The IETF, which defines and promotes Internet standards, is taking a stand against the activities of the NSA by agreeing to improve the security of Internet protocols.
Unless you've been marooned on a desert isle, you're aware of the fact that your email and your phone calls have been monitored for a decade by the NSA (and its colleagues in Australia, Canada, the U.K., and New Zealand – the “five eyes” group). And it appears that the phone companies and the major pieces of infrastructure have been complicitous. This is considered “pervasive surveillance.” The NSA has told us that we have nothing to fear: Their information is quite secure.
Yet, the months of document leaks from Edward Snowden show that to be false. If the phones and email of the heads of state of Brazil, France, Germany, Mexico, and Spain are at risk, what of corporate and personal data? What of my banking and credit card information?
I worry. And I'm sure that many company heads around the world worry as well.
At last, it appears that a vestige of data and transmission security may be restored. For evidence, nearly 1,100 people attended the IETF meeting in Vancouver, British Columbia, November 3th through 8th.
What? What's the IETF?
The Internet Engineering Task Force is an open standards organization. It develops and promotes the standards of the Internet. Set up at the beginning of 1986, the IETF is formally part of The Internet Society and is headquartered in Fremont, California.
Well, the Internet's rules and standards are set out in what are called “RFCs” – Requests for Comment. (If you want to know about the early history, which begins in 1969, read my Casting the Net.) Truly important things are discussed and decided by the IETF and its many working groups, under the auspices of the Internet Architecture Board (IAB) and the Internet Engineering Steering Group (IESG).
The big topic at this Vancouver meeting was security.
“The Internet has been turned into a giant surveillance machine,” said Bruce Schneier, who spoke at the meeting's technical plenary. “This is not just about any particular country or individual action. We need to work broadly to fix the problems of today and tomorrow.”
The same week, Schneier told attendees of the Usenix LISA (Large Installation System Administration Conference), held in Washington: “Fundamentally, this is a debate about data sharing, about surveillance as a business model, about the dichotomy of the societal benefits of big data versus the individual risks of personal data.”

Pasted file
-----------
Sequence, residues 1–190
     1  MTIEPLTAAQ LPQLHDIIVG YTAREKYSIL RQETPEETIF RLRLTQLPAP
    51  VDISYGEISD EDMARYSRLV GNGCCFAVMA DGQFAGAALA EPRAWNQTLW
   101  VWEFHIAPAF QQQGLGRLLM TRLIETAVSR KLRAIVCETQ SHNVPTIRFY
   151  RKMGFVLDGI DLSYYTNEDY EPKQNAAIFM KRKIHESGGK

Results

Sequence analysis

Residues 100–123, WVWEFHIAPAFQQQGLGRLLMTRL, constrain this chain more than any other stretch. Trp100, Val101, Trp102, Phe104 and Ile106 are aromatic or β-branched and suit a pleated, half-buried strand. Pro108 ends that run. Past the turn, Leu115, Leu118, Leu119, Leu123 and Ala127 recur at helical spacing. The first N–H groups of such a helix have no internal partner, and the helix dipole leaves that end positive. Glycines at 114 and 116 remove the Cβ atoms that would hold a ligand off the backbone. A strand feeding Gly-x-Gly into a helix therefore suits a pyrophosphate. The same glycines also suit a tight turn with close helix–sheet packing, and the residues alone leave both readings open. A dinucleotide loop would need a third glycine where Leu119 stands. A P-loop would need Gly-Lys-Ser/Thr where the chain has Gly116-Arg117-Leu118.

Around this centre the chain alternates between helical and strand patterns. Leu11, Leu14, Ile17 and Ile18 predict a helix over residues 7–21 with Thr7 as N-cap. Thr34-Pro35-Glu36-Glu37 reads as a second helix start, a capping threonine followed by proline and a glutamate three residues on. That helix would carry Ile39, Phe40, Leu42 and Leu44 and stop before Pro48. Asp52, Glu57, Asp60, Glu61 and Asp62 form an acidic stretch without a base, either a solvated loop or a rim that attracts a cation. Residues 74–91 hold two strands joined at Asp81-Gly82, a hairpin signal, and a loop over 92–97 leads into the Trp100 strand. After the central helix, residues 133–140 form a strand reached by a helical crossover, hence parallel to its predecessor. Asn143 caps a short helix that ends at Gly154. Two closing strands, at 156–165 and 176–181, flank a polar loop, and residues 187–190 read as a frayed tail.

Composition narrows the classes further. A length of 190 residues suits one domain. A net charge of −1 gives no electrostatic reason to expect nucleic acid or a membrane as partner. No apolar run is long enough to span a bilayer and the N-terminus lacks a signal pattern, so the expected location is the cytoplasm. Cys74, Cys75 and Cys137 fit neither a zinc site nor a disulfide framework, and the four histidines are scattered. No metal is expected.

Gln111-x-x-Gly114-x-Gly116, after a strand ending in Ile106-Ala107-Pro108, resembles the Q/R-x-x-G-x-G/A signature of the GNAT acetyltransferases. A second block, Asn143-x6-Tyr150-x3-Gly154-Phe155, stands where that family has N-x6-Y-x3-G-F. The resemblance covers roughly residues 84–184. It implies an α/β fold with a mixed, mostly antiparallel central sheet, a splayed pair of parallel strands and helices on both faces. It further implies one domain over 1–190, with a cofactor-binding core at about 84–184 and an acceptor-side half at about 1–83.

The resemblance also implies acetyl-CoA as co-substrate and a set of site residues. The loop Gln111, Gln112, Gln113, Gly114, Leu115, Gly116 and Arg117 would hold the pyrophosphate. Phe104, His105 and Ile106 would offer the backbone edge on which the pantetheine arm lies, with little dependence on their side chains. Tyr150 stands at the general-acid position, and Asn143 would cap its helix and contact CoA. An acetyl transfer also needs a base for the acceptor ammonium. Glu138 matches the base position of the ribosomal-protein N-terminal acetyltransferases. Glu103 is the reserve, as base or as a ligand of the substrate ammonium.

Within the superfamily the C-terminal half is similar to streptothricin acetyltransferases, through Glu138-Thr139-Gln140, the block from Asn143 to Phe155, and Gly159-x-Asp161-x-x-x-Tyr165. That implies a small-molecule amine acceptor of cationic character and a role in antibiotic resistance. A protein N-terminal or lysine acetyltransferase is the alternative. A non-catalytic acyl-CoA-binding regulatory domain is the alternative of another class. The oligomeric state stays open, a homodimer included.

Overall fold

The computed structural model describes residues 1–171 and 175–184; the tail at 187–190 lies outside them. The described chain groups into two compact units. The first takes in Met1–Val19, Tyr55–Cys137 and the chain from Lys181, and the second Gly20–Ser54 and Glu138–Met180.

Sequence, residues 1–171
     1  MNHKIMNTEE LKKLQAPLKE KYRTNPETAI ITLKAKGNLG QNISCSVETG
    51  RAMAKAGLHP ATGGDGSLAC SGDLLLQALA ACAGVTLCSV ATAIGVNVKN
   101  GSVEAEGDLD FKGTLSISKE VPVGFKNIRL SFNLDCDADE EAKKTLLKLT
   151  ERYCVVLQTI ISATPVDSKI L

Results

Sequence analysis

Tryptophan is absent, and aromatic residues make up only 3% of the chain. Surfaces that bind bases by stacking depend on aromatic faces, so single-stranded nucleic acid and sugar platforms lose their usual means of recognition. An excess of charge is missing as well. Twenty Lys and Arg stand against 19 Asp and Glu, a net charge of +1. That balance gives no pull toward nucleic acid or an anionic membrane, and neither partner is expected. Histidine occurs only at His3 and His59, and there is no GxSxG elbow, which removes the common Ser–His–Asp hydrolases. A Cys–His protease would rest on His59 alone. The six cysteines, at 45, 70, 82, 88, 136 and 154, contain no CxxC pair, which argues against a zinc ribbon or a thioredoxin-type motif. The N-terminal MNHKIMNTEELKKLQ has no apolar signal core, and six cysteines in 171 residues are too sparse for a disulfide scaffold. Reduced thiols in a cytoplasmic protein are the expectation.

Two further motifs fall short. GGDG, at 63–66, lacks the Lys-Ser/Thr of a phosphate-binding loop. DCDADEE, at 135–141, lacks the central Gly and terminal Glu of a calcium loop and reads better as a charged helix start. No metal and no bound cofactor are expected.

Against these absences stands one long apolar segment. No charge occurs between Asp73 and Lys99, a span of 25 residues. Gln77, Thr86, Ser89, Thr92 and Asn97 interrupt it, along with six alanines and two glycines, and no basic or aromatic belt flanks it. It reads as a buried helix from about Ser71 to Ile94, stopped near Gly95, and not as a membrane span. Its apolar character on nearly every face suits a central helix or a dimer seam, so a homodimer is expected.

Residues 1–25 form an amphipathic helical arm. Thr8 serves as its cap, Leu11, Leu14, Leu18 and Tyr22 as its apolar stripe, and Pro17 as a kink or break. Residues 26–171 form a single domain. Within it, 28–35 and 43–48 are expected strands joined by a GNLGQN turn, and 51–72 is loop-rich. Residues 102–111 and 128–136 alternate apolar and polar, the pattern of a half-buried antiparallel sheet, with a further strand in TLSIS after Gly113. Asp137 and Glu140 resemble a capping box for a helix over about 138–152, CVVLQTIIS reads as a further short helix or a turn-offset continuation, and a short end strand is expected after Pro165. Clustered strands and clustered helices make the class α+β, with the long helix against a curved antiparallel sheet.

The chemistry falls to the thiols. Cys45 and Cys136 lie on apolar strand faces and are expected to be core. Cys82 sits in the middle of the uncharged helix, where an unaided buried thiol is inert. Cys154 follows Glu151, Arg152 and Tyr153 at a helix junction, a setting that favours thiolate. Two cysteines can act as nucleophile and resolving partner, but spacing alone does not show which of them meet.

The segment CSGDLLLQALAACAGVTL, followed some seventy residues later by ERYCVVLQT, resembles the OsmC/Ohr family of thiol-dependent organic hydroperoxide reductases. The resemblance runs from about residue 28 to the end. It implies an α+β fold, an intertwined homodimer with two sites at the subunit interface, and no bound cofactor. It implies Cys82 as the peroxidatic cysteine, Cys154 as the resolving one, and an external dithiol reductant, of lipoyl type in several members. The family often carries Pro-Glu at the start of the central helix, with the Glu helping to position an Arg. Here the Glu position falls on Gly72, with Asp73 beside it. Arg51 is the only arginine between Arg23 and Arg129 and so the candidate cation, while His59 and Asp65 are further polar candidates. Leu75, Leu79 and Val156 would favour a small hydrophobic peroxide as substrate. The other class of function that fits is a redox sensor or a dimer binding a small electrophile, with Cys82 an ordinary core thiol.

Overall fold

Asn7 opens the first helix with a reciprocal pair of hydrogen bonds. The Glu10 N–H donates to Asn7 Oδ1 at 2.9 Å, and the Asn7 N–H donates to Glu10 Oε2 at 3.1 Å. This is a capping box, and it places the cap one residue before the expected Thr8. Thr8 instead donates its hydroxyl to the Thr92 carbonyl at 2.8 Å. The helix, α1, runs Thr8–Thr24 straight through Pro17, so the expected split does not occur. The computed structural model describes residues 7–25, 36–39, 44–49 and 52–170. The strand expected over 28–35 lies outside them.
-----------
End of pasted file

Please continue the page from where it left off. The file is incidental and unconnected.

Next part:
Russ Housley posted:
At the end of the IETF88 Technical Plenary, there were five hums. [the IETF has no votes, it is consensus-driven. Thus decisions are made by “humming.”] This note is to provide the text of the hums and the community response. The people in the room were asked to hum for YES if they agreed with the statement and hum for NO if they disagreed with the statement.
1. The IETF is willing to respond to the pervasive surveillance attack?
Overwhelming YES. Silence for NO.
2. Pervasive surveillance is an attack, and the IETF needs to adjust our threat model to consider it when developing standards track specifications.
Very strong YES. Silence for NO.
3. The IETF should include encryption, even outside authentication, where practical.
Strong YES. Silence for NO.
4. The IETF should strive for end-to-end encryption, even when there are middleboxes in the path.
Mixed response, but more YES than NO.
5. Many insecure protocols are used in the Internet today, and the IETF should create a secure alternative for the popular ones.
Mostly YES, but some NO.
Think of a town meeting. The first three of these are a direct blow to the activities of the NSA.
"At the IETF technical plenary, participants agreed that the current situation of pervasive surveillance represents an attack on the Internet," said Stephen Farrell, one of the IETF's two Security Area Directors. “While there are challenges isolating the specific areas of attack that IETF protocols can mitigate, all of the working groups that considered the topic have started planning to address the threat using IETF tools that can mitigate aspects of the problem.”
But how to effect an appropriate response to “the pervasive surveillance attack” will be neither easy nor swift. For example, take IPv6: We’re at 20 years [!] since its first RFCs appeared (my “handbook” – The Big Book of IPv6 Addressing RFCs – appeared in 2000) and we’re not even close to real coverage.
“Ensuring the global Internet is a trusted platform for billions of users is a core and ongoing concern for the IETF community. Discussions over the past few months, including many in the more than 100 working group sessions this week, are carefully and systematically reviewing Internet security and exploring ways to improve privacy and other aspects of security for different applications,” said Jari Arkko, Chair of the IETF. "Internet security has many facets, and the IETF is focused on ensuring that the technical Internet protocols that it develops provide a strong foundation for privacy and security."
A truly democratic system cannot be rapid; only top-down autocracies can be. A humming consensus will come about and it will be, for a time, effective. But I am afraid that the growth of the world's “security” agencies has made me, at least, feel less secure. The biggest problem, I fear, is with the governments and the agencies, which are not noted for their technological knowledge nor their understanding.
A final Schneier citation: “It’s impossible to build an Internet where the good guys can eavesdrop, and the bad guys cannot. We have a choice between an Internet that is vulnerable to all attackers, or an Internet that is safe from all attackers. And a safe and secure Internet is in everyone's best interests, including the U.S.'s.”